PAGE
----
Poetry

Sit Back- Relax- Enjoy: Poems

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 POETRY

Sit Back. Relax. Enjoy.  



Sit Back. Relax. Enjoy.


I remember saying it to my first lover —

frightened, only mildly interested, a virgin,


in a small apartment at 504 South Liberty

Avenue in Endicott, New York, circa 1967,


before the invention of technique

and caution, before there was heartbreak.


Sit back. Relax. Enjoy, I said,

wanting to ease her toward pleasure


the way a man eases a lame spouse downward

so he, too, can come to rest. Sit back.


Relax. Enjoy, I repeated. Sit back. Relax.

Enjoy. Now, twenty years and thousands


of enjoyments later, on American Airlines

Flight 363 from San Francisco, a stewardess


with the sweet scent of a dental hygienist

says it to me: Sit back. Relax. Enjoy.


How beautiful obedience is, I say to myself,

here in midair and midlife, thinking ahead


to the other end of our long flight

when a voice as heavenly as hers


will say it again: Sit back. Relax. Enjoy.

And we will.

              

  







©1999

Michael Blumenthal and Nerve.com   

 POETRY



Mixed Marriages


The young Cuban mounting the debutante from Cleveland

the mule that wants to mate with a sheep

the Hassid who falls for the Chinese girl from Akron

the canary that sings to a cage full of finches

the flute that wants to play with the oboe

and the gin that longs for a shot of vermouth

have something in common. They are all emissaries

from the world of generous singing.

They are all prophets

of a light that will admit no divisions.

They are all giving testimony

to the fact that we will come in the end

to a place of no borders,

that the way of all flesh is the arc

of a good seed’s longing —

mixing it up, keeping things whole.

  

              

  







©1999

Michael Blumenthal and Nerve.com   

 POETRY



Having My Way with You


You ride me into the late light like your good horse

and, because it reminds you of how they once

described women in Victorian romances, you say,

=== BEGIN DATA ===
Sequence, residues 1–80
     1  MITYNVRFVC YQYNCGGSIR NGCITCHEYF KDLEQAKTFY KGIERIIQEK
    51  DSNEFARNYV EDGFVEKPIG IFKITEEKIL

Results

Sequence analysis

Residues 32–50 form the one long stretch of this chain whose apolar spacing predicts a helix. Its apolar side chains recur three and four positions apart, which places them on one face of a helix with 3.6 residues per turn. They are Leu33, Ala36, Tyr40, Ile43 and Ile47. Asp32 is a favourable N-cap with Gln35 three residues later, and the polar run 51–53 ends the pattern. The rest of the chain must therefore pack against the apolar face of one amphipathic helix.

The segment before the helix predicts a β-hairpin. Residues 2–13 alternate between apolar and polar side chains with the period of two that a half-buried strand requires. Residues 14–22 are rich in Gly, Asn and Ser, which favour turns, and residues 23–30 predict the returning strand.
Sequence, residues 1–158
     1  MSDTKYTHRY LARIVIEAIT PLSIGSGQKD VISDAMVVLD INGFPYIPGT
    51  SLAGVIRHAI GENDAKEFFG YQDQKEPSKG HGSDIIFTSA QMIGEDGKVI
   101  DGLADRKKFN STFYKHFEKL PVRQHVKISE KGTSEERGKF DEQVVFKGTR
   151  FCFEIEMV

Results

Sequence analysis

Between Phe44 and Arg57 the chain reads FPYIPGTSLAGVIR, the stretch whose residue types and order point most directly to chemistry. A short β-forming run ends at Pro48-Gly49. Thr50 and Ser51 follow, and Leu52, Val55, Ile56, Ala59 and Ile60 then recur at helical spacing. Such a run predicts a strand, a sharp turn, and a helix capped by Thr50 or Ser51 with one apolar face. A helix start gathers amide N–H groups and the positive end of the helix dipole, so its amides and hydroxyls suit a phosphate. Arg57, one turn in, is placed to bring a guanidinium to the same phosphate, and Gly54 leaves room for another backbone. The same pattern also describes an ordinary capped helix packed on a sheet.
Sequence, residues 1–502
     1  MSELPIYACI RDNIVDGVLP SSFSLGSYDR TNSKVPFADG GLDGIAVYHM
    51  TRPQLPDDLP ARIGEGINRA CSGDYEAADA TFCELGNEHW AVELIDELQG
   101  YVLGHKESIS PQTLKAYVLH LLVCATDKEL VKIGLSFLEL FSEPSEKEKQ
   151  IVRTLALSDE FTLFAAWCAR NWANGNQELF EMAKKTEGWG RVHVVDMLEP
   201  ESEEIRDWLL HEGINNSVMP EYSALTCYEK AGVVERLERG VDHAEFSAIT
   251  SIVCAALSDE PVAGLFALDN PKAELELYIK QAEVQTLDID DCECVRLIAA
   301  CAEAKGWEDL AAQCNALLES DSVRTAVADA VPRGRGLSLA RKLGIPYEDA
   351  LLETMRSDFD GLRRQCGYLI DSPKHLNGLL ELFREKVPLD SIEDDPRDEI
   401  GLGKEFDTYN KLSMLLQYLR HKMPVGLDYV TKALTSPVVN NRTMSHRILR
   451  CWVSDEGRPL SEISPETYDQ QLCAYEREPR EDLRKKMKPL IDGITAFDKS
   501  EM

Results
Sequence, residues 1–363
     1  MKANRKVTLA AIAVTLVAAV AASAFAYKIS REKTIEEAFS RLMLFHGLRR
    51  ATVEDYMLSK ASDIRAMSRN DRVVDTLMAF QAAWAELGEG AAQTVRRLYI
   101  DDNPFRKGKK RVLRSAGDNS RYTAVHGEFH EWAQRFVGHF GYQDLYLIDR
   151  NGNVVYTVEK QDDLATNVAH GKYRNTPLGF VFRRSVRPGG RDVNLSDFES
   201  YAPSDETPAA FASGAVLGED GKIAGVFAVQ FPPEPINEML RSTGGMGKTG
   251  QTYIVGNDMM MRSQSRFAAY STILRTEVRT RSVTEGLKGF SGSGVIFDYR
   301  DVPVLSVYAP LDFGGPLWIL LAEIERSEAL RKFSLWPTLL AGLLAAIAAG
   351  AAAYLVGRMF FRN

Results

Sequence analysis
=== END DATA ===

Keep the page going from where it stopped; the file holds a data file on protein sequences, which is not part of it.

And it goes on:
“I’m having my way with you.” What a thing

for a woman to say to a man, I think to myself,

looking up at your white cheeks gone rosy

with the thrust of me, as if you were both Iseult

the Fair and Iseult of the White Hands at once,

and I feel the pleasure of your pleasure

and the pleasure of my own, and realize

we may all yet rise into the good light of love

from a position of helplessness, that this

may be the thing all lovers wish for: you

having your way with me having my way with you.

  

              

  







©1999

Michael Blumenthal and Nerve.com   

 POETRY



Flesh


I love fleshy women whose buttocks rise

in my hands like freshly baked bread,

arms that surge outward from my embrace,

thighs that surround me like love itself.

I love flesh that is firm and tender, flesh

that is wild, I love flesh that is yours

these afternoons when rain falls gently as flesh itself,

when all that is moral dissolves like flesh,

and only the sounds of flesh can be heard

singing, We are still here, love, we are going on.

  

              

  







©1999

Michael Blumenthal and Nerve.com   

 POETRY



To His Coy Mistress (II)


after Marvell


Had we but world enough and time,

this coyness, ______, would be no crime.

We’d sit and talk and eat and flirt

and never even lift your skirt.

We’d wonder how it might have been

before the world invented sin,

and then we’d pause and make a list

of all the pleasures that we missed.

But I am nearly forty-two

and know the things that time can do

to would-be lovers prone to pause

at passion’s hem for caution’s cause.

I know the lure when what’s surmised

seems safer than what’s realized,

when hands stay still and eyes undress

and safety triumphs, more or less.

But Hopkins said it, right out loud:

to have and get before it cloud,

and I don’t think it too unwise

to take our caution by surprise

and kiss the thing that’s meant to kiss,

and love what’s taken, more than missed.


These poems are taken from Michael Blumenthal’s forthcoming collection, Dusty Angel, by permission of BOA Editions.

  

              







©1999

Michael Blumenthal and Nerve.com